A New York Times article written in January 2020 resurfaced the other day. It’s timely that as we emerge from our forced separation Eric Ravenscraft’s article “An Adult’s Guide to Social Skills, For Those Who Were Never Taught” is making the rounds and yet it also confirms what experts have warned parents to consider for decades. Helicopter parenting (and lawnmower parenting) has negatively impacted a generation.
We often feel ill-equipped to mentor others. Especially when we are seeking mentorship ourselves. However, it’s important to remember that there is an entire generation of students longing for adult mentorship. You need to be a mentor because the loneliest generation is leaving the Church.
Ravenscraft says, “Learning social skills can be difficult if you weren’t exposed to traditional group dynamics as a child, if you struggle with a mental illness like anxiety or depression, or even if you just didn’t have a lot of positive role models when you were growing up.”
The Harmful Impact of Helicopter Parenting
Helicopter parents are defined as those involved in a child’s life in a way that is overcontrolling, overprotecting, and over-perfecting. The documented long-term consequences of helicopter parents are extensive.
- Children lack problem-solving skills well into adulthood (even at age 25)
- Helicopter parenting causes children to have the inability to regulate their own emotions.
- Constant affirmation from parents has the reverse effect as intended. Children develop low self-esteem and confidence.
- An inability to emotionally regulate causes meanness and aggression.
- Helicopter parenting increases a child’s depression and anxiety levels.
Mentors are Reversing the Harm of Helicopter Parenting
Springtide Research Institute surveyed over 10,000 students for their 2020 study and discovered that Generation Z, currently ages 13-25, needs additional adults in their lives. With trusted adults in a young person’s life the level of loneliness and purposelessness they feel decreases. Of those surveyed 24% with no adult mentors say they never feel their life has meaning and purpose, with just one adult mentor, this number dropped to 6%. A similar trend held true for loneliness—while 58% of those with no adult mentors say they sometimes or always have no one to talk to, this number dropped to 48% with just one adult mentor and students loss of loneliness dropped by 37% with two to four mentors.
Mentors Help Develop Leaders
The New York Times article points out that developing emotional intelligence is the first step to improving our social skills. Harvard Business School Online reports that emotional intelligence is an important quality in leaders.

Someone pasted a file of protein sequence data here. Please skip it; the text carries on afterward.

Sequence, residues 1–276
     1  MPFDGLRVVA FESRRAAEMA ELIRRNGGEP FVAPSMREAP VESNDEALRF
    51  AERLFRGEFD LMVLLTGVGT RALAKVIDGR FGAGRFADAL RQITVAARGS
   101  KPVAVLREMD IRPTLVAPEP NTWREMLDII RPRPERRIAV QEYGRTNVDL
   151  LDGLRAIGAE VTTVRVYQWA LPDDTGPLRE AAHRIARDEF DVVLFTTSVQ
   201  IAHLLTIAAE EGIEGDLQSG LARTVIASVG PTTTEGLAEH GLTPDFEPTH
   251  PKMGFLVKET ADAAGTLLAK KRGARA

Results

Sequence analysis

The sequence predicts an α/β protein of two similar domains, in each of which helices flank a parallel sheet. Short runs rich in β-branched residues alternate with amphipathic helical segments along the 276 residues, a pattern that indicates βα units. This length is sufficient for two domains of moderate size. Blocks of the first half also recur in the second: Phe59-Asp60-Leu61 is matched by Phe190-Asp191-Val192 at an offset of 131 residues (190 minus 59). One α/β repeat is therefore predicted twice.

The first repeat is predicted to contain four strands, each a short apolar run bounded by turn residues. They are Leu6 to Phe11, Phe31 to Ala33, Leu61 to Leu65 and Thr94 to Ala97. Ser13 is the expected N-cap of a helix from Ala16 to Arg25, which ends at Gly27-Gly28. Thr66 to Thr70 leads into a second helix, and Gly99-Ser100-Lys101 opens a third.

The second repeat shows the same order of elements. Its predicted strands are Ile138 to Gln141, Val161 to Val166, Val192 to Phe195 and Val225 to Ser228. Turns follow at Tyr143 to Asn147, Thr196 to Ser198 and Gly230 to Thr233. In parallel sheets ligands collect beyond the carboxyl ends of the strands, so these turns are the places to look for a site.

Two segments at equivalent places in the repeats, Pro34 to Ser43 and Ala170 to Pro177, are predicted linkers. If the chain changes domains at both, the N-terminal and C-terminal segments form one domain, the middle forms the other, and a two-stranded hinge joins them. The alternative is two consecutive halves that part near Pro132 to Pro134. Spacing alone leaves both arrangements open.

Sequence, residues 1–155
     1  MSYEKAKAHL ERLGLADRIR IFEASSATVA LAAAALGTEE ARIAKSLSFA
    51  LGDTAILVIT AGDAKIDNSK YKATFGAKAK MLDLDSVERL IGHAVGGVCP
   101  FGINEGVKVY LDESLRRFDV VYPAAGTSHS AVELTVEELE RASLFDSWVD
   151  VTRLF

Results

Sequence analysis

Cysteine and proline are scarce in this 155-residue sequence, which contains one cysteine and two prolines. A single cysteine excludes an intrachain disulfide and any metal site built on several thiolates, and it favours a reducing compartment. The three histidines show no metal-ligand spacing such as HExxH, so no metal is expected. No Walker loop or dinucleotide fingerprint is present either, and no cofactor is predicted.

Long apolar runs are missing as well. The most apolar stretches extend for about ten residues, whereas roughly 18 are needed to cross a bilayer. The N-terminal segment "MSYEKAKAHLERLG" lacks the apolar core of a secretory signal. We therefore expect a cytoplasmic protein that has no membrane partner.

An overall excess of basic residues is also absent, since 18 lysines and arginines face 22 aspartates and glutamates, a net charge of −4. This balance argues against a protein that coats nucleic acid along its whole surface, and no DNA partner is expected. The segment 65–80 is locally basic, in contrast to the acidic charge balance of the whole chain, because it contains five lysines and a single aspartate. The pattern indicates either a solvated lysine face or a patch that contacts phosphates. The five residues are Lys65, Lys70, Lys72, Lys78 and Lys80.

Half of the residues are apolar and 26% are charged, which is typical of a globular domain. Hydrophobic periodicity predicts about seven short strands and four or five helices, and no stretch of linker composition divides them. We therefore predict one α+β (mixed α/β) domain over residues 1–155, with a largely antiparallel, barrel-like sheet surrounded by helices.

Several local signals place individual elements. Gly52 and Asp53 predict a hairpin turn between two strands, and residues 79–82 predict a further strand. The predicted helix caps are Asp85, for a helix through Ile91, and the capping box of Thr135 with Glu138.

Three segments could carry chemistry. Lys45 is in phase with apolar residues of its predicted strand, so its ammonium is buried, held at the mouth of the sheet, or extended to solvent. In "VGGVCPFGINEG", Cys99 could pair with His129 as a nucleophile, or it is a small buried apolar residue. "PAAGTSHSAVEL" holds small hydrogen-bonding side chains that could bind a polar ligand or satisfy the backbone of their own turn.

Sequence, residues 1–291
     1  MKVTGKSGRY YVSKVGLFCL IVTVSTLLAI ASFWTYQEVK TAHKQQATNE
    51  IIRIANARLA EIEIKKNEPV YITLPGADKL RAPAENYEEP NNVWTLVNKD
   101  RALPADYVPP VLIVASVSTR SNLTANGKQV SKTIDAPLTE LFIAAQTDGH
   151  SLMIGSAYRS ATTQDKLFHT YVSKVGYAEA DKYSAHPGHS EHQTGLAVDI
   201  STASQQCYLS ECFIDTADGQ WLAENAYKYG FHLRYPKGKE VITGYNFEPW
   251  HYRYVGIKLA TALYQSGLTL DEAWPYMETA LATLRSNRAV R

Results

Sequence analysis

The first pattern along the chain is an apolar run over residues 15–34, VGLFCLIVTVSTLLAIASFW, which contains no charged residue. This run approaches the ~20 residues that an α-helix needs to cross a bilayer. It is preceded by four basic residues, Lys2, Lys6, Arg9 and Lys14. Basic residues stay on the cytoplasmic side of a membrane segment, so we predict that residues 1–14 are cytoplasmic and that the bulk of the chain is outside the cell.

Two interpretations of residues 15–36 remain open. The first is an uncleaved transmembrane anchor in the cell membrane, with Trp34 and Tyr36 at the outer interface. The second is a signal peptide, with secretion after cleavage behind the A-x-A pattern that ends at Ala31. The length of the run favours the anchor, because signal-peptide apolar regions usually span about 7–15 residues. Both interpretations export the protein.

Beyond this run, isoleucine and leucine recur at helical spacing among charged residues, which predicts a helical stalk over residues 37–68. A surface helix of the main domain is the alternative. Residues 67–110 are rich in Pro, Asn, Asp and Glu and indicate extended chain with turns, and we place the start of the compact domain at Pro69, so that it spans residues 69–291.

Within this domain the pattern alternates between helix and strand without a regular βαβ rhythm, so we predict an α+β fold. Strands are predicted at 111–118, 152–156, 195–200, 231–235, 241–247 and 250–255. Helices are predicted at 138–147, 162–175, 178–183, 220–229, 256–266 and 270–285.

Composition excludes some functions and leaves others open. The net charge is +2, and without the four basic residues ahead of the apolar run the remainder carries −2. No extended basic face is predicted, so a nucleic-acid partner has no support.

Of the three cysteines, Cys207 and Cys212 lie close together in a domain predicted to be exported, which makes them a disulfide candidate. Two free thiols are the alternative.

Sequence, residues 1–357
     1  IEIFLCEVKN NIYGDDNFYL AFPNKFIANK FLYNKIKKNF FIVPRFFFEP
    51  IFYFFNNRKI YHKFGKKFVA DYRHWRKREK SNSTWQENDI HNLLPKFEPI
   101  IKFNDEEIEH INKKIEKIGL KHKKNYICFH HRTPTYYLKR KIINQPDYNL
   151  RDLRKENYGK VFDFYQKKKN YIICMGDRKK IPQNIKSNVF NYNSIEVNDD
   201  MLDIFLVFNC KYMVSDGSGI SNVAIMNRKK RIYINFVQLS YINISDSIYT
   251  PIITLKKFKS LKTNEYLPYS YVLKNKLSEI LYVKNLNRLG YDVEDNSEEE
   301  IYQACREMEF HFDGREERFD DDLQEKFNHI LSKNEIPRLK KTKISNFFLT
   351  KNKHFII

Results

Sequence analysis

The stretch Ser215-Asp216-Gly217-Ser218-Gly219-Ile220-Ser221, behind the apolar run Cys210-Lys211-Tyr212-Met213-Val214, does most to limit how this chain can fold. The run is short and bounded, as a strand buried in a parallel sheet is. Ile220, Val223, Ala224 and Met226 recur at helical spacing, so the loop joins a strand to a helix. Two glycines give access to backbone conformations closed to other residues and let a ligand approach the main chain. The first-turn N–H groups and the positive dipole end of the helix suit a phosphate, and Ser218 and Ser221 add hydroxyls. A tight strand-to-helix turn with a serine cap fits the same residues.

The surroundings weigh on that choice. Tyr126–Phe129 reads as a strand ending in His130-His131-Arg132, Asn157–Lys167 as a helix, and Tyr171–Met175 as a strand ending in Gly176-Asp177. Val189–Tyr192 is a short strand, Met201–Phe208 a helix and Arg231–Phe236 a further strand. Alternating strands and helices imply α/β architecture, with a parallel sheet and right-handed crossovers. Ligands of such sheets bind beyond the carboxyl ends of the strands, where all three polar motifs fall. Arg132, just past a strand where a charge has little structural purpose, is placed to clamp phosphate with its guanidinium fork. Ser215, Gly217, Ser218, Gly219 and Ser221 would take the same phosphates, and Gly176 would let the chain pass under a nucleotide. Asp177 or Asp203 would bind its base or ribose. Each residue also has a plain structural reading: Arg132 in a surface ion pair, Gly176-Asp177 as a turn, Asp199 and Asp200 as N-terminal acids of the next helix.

Emotional intelligence (otherwise known as emotional quotient or EQ) is the ability to understand, use, and manage your own emotions in positive ways to relieve stress, communicate effectively, empathize with others, overcome challenges and defuse conflict. Emotional intelligence helps you build stronger relationships, succeed at school and work, and achieve your career and personal goals. It can also help you to connect with your feelings, turn intention into action, and make informed decisions about what matters most to you.Jeanne Segal, Ph.D., Melinda Smith, M.A., Lawrence Robinson, and Jennifer Shubin
Leaders are Formed in Community
Charles Smith says, “By the time I graduated high school, I could quote John Maxwell and Peter Drucker like a seasoned executive. But it was all theory. As I soon found out, leadership in the real world is complicated, contextual, and hard. To grow beyond my theories, I had to immerse them into real organizations with real people and real problems.”
Mentors Help Leaders Stay Focused on their Calling
Smith writes, “Leaders naturally drift toward isolation and echo chambers. As they do, they increasingly risk making poor decisions, and often they lack self-awareness and end up harming themselves and others.” Moses was surrounded by counselors. Some offered helpful advice and others did not. Joshua served Moses faithfully and had a front row seat to observe God’s faithfulness. When it was Joshua’s time to lead he confidently looked back at Moses’s life and knew what choices to make and which ones to avoid.
The Most Important Reason to Be a Mentor
The most important reason to be a mentor is so that you can do for others what you wish someone would have been available to do for you. Mentors are challenging to find. This is mainly because people don’t make themselves available. When you make yourself available you will develop leaders who then go on to mentor others.
As the wife of a football coach, Beth Walker encourages women whose families are in the public eye to pursue their own callings even as they support their husbands’ careers and ministries. Through her own personal stories as well as interviews with other women who are also living just outside their husbands’ limelight, Beth shows it’s possible to do both.